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John Milton is one of the greatest poets and an important figure in English Literature. The study of English Literature is considered incomplete without reading his most famous composition ” Paradise Lost.” He was a poet par excellence, an intellectual, and a civil servant for the Commonwealth of England under its Council of State and later under Oliver Cromwell.
He was born on 9 December 1608, Bread Street, Cheapside, London, England to composer John Milton senior and his wife Sarah Jeffrey. John Milton senior got his son home tutored by tutor, Thomas Young, a Scottish Presbyterian with an M.A. from the University of St. Andrews. Later on, Milton (Jr.) attended St Paul’s School in London where he also studied Greek and Latin . Besides English, he also wrote in Latin and Italian. Famous poets like William Blake, William Wordsworth and Thomas Hardy revered him.
John Milton composed first two Psalms at the age of 15 at Long Bennington. In 1625, Milton joined Christ’s College, Cambridge and graduated with a B.A. in 1629, ranking fourth of 24 honours graduates that year in the University of Cambridge. Milton went on to achieve his Master of Arts degree on 3 July 1632. He had intermittent breaks in his studies because of a suspension due to a quarrel with his tutor, , Bishop William Chappell. It’s also believed that he might have been sent home due to plague which badly hit Cambridge in 1625.
After finishing his post graduation in 1632, Milton moved on to Hammersmith, his father’s new home since the previous year. He married Mary Powell in 1642 who died on 5th May, 1652 after giving birth to their fourth child, Deborah. They had three other children, Anne (born 29 July 1646), Mary (born 25 October 1648), and John (16 March 1651 – June 1652)
He tied the knot with Katherine Woodcock on 12 November, 1656 but she died on 3 February 1658 after giving birth to Katherine. The baby too passed away. Finally, he married Elizabeth Mynshull in 1663 who gave him company until his death. Milton lost his eye sight completely by 1652 due to bilateral retinal detachment or glaucoma. He composed one of his best sonnets, ‘ When I Consider How My Light is Spent’ later titled as ” On His Blindness “by editor John Newton during this period.
Poetry and drama
1629: On the Morning of Christ’s Nativity
1630: On Shakespeare
1631: On Arriving at the Age of Twenty-Three
1632: L’Allegro1632: Il Penseroso
1634: A Mask Presented at Ludlow Castle, 1634, commonly known as Comus (a masque)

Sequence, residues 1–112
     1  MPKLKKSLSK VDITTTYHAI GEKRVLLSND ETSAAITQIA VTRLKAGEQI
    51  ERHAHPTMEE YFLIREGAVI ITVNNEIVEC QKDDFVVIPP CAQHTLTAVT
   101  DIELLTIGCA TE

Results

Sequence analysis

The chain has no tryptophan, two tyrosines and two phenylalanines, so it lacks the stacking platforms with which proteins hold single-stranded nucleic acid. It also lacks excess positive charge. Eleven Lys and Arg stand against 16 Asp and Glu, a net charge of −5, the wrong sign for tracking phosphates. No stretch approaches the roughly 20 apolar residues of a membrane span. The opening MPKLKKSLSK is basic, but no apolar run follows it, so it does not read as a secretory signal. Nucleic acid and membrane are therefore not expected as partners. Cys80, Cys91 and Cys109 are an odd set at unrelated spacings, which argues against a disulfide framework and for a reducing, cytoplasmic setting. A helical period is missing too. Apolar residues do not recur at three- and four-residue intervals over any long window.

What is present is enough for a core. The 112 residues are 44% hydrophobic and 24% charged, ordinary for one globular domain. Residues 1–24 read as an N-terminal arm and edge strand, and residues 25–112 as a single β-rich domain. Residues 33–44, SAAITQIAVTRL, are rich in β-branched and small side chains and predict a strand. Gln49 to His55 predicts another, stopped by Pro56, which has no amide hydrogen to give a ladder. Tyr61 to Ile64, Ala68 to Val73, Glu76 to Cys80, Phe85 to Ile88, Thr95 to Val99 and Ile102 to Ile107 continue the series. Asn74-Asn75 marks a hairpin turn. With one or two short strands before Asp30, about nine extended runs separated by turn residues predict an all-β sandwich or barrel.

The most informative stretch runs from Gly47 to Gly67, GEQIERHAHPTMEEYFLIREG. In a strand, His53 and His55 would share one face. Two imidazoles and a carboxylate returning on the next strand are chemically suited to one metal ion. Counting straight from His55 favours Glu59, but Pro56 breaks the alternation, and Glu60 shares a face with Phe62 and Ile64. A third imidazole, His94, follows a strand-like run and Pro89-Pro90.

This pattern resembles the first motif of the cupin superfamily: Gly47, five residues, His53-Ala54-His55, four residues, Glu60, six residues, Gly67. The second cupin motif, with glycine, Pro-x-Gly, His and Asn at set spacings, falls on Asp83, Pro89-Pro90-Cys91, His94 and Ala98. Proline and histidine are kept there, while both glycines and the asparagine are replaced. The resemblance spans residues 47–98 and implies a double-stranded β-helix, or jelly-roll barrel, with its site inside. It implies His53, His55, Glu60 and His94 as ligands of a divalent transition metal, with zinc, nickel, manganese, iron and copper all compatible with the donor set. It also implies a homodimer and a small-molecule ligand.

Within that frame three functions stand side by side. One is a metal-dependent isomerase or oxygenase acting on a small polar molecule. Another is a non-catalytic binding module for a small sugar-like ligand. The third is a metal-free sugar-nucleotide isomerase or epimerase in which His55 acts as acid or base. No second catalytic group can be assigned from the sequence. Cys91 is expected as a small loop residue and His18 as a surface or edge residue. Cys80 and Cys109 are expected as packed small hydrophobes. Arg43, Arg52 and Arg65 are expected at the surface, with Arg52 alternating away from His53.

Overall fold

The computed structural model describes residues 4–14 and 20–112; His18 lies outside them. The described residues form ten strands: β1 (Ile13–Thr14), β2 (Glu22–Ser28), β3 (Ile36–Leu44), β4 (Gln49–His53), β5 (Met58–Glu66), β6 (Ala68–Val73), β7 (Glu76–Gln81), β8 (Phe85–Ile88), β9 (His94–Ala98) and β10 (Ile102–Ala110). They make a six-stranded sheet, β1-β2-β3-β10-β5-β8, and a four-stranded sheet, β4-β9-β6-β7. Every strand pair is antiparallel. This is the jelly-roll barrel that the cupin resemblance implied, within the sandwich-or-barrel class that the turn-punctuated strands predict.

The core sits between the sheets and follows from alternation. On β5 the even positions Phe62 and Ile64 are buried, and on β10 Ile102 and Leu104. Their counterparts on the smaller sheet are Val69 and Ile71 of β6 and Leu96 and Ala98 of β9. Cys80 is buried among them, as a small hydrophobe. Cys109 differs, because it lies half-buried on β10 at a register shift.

1645: Poems of Mr John Milton, Both English and Latin
1652: When I Consider How My Light is Spent (Commonly referred to as “On his blindness”, though Milton did not use this title)
1655: On the Late Massacre in Piedmont
1667: Paradise Lost
1671: Paradise Regained
1671: Samson Agonistes
1673: Poems, &c, Upon Several OccasionsArcades: a masque. (date is unknown).On his Deceased wife, To The Nightingale, On reaching the Age of twenty four.
Of Reformation (1641)
Of Prelatical Episcopacy (1641)
The Reason of Church-Government Urged against Prelaty (1642)
Apology for Smectymnuus (1642)
Doctrine and Discipline of Divorce (1643)
Judgement of Martin Bucer Concerning Divorce (1644)
Of Education (1644)
The Tenure of Kings and Magistrates (1649)
Defensio pro Populo Anglicano [First Defence] (1651)
Defensio Secunda [Second Defence] (1654)
A Treatise of Civil Power (1659)
The Likeliest Means to Remove Hirelings from the Church (1659)
The Ready and Easy Way to Establish a Free Commonwealth (1660)
Brief Notes Upon a Late Sermon (1660)
Accedence Commenced Grammar (1669)
The History of Britain (1670)
Artis logicae plenior institutio [Art of Logic] (1672)
Of True Religion (1673)
Epistolae Familiaries (1674)
A brief History of Moscovia, and other less known Countries lying Eastward of Russia as far as Cathay, gathered from the writings of several Eye-witnesses (1682)
De Doctrina Christiana (1823)
He passed away on 8 November 1674 (aged 65) at Bunhill, London, England. True legends like him are immortal through their legacy of wonderful poems.
John Milton poem ( poets.org)
On His Blindness ( When I Consider How My Light is Spent)
When I consider how my light is spent,
Ere half my days in this dark world and wide,
And that one talent which is death to hide
Lodged with me useless, though my soul more bent
To serve therewith my Maker, and present
My true account, lest He returning chide;
“Doth God exact day-labor, light denied?”
I fondly ask. But Patience, to prevent
That murmur, soon replies, “God doth not need
Either man’s work or His own gifts. Who best
Bear His mild yoke, they serve Him best. His state
Is kingly: thousands at His bidding speed,
And post o’er land and ocean without rest;
They also serve who only stand and wait.”
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3 thoughts on “DELIGHTFUL SATURDAYS WITH MY FAVORITE AUTHORS AND POETS (17)”
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Thank you so much, dear Elvira. 😊😊😊. I feel so lucky and happy to have wonderful friends like you who motivate and encourage me with my every effort to explore my creativity. Have a great Sunday. Happy Mother’s Day 👩💝💐 to you as well.
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Happy Mothers Day! Too.